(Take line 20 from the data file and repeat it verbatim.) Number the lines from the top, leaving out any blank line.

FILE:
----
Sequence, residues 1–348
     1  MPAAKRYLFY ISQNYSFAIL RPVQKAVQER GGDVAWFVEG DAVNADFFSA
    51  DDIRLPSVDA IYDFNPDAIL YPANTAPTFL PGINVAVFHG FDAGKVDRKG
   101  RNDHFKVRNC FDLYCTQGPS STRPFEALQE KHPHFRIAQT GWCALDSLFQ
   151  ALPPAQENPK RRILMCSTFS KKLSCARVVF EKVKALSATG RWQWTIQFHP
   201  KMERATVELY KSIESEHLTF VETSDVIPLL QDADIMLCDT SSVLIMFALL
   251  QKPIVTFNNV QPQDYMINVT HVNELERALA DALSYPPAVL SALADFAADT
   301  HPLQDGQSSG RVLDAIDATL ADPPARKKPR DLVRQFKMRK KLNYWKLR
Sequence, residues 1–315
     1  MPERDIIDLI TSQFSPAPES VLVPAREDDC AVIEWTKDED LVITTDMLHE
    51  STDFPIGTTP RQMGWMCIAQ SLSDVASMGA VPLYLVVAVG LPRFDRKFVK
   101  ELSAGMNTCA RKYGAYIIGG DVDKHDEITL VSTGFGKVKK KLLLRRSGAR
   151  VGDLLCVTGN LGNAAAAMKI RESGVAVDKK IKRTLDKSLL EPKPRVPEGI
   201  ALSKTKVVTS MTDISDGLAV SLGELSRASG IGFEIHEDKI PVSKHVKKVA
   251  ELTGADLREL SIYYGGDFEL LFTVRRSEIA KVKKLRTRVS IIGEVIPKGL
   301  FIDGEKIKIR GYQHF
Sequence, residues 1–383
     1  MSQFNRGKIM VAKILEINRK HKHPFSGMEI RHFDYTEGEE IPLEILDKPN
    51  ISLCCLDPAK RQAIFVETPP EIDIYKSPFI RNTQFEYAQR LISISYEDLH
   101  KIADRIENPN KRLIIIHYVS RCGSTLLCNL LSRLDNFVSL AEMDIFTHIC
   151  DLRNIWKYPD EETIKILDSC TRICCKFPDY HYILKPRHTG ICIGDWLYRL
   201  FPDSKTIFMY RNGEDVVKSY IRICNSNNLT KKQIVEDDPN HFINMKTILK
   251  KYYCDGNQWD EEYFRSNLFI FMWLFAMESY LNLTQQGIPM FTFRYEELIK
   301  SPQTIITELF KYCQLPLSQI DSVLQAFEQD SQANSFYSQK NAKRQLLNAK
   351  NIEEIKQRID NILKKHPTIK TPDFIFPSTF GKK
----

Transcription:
   101  KIADRIENPN KRLIIIHYVS RCGSTLLCNL LSRLDNFVSL AEMDIFTHIC